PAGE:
“I’m happy for the experience and relationships I made in private business. But everyone I know says they knew I’m doing what I’m supposed to be doing,” Abdulla said.
Desire to help others began in grade school
Cynthia Seelhammer felt the tug to help others when she was a young Catholic school student. Early in her professional career, she was a newspaper reporter for the Chandler Arizonan in the East Valley.
“In Catholic school, I was taught that the best thing in life was to help other people,” she said. “As a reporter, I watched the city council struggle and the city staff trying to explain things to them. The role of community journalism was to take complicated issues and explain it to people to help them make important decisions.”
From that private-sector career in newspapers, Seelhammer went to work in communications and public information for the city of Mesa, playing a similar explanatory role internally for municipal employees and externally for Mesa residents.
The city helped pay the cost for Seelhammer to pursue her master’s degree, which began her career in public administration. She moved up the ranks with Mesa, first as assistant to the library director, in charge of budget and human resources. She said it provided her in miniature the kind of experience she’d need later to run an entire city.
“The library was like a little tiny town,” said Seelhammer, who went on to become Coconino County manager and the manager for several municipalities. Today she is a professor of practice in ASU’s School of Public Affairs and coordinator of the Marvin Andrews Fellowship in Urban Management, administered by the Watts College of Public Service and Community Solutions.
People working in local government possess a deep inner drive to make communities better, she said.
“We see things functioning, we keep improving things, because local government has something to do with so many aspects of life, from brushing your teeth in the morning to getting in your car and driving on a safe street with functioning traffic signals, to making sure your kids have safe parks and recreation programs after school and libraries serving the needs of communities,” Seelhammer said.
During the pandemic, Seelhammer said she observed many heroes, as she calls them, in local government service, more than at any time in her career. They dedicated themselves tremendously to keep public services running, she said, performing tasks such as getting fresh food to people who were far from grocery stores and making sure children studying from home still had lunches.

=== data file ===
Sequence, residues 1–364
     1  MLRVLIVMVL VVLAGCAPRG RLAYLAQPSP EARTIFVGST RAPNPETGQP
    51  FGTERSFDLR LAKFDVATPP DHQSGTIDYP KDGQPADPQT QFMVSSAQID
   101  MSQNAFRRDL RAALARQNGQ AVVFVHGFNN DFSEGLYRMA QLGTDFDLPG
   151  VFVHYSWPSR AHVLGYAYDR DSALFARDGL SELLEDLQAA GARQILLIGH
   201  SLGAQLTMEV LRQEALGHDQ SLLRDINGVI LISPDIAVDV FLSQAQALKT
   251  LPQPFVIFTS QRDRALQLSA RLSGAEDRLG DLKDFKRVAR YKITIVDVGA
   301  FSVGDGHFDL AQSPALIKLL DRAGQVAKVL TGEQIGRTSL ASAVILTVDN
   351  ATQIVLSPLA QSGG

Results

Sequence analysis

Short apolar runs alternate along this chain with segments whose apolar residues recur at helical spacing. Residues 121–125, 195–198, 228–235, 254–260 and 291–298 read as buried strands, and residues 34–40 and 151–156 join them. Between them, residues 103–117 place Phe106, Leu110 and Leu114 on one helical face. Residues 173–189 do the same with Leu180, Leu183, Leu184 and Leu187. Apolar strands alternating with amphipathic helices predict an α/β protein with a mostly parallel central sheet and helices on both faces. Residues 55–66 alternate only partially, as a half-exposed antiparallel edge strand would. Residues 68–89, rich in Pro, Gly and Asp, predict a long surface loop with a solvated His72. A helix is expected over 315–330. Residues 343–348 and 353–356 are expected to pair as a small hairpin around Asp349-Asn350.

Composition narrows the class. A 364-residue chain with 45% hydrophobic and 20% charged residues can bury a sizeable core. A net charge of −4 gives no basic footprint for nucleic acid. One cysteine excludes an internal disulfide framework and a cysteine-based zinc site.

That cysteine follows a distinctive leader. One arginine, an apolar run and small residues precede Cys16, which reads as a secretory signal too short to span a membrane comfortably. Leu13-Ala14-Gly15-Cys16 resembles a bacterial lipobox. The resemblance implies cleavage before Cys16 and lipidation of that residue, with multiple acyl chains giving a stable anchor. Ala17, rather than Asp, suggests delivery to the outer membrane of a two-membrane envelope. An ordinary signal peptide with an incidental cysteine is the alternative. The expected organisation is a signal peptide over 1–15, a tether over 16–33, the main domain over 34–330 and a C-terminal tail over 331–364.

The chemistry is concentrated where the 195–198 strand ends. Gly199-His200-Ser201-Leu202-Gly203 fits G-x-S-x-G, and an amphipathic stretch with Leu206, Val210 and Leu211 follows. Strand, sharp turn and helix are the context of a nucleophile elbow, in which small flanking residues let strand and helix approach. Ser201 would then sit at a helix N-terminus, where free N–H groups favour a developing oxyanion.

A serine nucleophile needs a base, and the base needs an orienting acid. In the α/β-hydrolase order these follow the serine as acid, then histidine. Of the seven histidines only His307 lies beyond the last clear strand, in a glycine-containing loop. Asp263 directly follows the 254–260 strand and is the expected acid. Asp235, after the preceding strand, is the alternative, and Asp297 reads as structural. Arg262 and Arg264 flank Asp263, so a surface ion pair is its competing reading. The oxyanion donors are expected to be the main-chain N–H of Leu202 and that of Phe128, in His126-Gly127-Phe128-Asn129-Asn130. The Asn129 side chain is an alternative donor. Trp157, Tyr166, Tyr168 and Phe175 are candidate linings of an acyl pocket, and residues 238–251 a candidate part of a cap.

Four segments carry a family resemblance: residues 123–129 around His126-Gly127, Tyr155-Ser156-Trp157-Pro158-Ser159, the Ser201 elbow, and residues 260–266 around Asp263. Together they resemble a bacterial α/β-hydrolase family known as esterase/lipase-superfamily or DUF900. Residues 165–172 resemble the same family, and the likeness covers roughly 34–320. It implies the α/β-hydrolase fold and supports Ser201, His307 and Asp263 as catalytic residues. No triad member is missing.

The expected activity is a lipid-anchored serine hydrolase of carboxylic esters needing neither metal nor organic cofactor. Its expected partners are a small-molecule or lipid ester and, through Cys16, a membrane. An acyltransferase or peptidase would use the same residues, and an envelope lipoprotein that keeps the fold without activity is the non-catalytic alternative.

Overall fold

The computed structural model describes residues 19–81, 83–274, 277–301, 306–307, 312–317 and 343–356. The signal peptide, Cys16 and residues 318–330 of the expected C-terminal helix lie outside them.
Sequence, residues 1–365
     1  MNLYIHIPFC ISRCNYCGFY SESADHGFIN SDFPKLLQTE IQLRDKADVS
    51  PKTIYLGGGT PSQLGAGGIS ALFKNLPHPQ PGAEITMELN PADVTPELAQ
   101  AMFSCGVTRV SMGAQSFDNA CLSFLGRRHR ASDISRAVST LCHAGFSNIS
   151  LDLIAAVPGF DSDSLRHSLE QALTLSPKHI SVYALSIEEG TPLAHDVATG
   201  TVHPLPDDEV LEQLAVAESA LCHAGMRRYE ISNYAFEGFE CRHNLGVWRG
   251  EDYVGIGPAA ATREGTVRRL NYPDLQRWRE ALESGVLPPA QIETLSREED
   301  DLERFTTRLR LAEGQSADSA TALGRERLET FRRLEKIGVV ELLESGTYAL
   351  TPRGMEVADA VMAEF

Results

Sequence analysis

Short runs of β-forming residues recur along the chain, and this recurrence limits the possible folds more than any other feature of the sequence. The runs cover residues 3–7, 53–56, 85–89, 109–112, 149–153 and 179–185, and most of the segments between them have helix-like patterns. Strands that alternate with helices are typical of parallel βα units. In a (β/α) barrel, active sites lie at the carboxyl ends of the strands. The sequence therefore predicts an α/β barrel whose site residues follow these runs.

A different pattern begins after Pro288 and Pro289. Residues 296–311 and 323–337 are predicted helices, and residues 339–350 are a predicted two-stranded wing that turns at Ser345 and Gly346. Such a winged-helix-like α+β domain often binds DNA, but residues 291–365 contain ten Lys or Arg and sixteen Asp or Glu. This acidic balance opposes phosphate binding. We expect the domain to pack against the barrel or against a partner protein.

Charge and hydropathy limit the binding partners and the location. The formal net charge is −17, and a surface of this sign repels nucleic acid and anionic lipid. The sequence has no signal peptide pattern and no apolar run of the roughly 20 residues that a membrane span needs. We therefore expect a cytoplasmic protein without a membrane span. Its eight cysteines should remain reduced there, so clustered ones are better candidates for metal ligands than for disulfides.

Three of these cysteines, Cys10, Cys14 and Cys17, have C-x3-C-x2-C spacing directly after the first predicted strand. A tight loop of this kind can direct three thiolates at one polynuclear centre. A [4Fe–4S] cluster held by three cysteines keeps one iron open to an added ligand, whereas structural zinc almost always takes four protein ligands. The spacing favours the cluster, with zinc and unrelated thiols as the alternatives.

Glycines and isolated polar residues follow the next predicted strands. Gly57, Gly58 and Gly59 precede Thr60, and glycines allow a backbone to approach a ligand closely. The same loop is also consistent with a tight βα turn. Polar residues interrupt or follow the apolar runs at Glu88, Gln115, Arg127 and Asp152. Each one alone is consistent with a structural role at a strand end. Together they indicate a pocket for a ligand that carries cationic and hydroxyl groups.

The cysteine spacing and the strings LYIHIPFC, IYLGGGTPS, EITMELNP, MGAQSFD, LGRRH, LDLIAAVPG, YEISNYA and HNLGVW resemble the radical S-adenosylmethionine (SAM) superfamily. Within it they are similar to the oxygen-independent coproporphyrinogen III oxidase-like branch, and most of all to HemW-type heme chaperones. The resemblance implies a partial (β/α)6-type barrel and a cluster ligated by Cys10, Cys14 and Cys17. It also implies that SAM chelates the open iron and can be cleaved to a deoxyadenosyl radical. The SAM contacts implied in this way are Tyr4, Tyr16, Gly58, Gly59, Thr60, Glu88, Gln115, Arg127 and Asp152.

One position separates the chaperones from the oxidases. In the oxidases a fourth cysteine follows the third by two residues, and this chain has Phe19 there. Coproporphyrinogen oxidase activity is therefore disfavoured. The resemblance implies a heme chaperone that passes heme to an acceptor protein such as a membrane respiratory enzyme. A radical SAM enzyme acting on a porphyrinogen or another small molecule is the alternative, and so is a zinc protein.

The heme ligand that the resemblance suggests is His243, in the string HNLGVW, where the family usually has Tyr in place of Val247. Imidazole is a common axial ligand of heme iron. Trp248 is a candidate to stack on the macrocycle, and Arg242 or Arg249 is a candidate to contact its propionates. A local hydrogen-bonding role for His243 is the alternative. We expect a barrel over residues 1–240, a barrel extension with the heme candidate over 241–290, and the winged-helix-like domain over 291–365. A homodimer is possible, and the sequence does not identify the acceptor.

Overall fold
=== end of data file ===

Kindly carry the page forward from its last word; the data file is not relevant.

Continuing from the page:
Seelhammer said that in recent times, the role of government itself, as well as the people who work in it, have endured significant criticism, most of it undeserved.
She said many of the criticisms lessen once people actually meet those in government and get to directly observe what they do.
Seelhammer chuckled upon being reminded of Winston Churchill’s famous observation that democracy is the worst form of government that there is, except for all the others.
“Is there a better system than the U.S.? I don’t know, but we are still the most successful country,” she said. “Ninety-nine percent of what we do is keeping things running efficiently. We try to do it faster, better, smarter and cheaper, but we have to keep it running.”
‘The best way I think I can live my values’
Madalaine McConville is pursuing a Master of Public Policy degree in the School of Public Affairs, expecting to graduate in May 2023. She is participating in the Marvin Andrews Fellowship. The fellows, often called Marvins, aspire to careers as top administrators in local government and work directly with city and county managers during their fellowship.
McConville said people, and the communities on which a public servant has an impact, are the driving force behind her pursuing a public service career.
“A core value of mine is to help people in any way, no matter what the job I am working,” she said. “Public service is the best way I think I can live my values each day while getting to make an impact on people's lives at the same time.”
To accomplish this, McConville said she strives to uphold principles of integrity and respect.
“They will guide my public service career the most to ensure I am making decisions I would want my government representatives to make on my behalf,” she said.
Even in these times of increased criticism of government, McConville said local government enjoys higher levels of public trust than their state and federal counterparts.
“Public trust will be in the back of my mind to ensure my values are guiding the decisions I make.”